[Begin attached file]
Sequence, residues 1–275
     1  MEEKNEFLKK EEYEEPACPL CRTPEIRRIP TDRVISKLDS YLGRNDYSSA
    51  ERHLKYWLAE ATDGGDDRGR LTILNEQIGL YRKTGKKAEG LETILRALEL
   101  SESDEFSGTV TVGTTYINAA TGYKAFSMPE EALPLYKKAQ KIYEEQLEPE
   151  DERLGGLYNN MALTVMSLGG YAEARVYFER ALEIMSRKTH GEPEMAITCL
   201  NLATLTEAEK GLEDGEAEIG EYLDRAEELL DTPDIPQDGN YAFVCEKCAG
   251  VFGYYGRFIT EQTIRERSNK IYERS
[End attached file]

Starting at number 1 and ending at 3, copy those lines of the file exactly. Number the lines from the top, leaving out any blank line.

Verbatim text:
Sequence, residues 1–275
     1  MEEKNEFLKK EEYEEPACPL CRTPEIRRIP TDRVISKLDS YLGRNDYSSA
    51  ERHLKYWLAE ATDGGDDRGR LTILNEQIGL YRKTGKKAEG LETILRALEL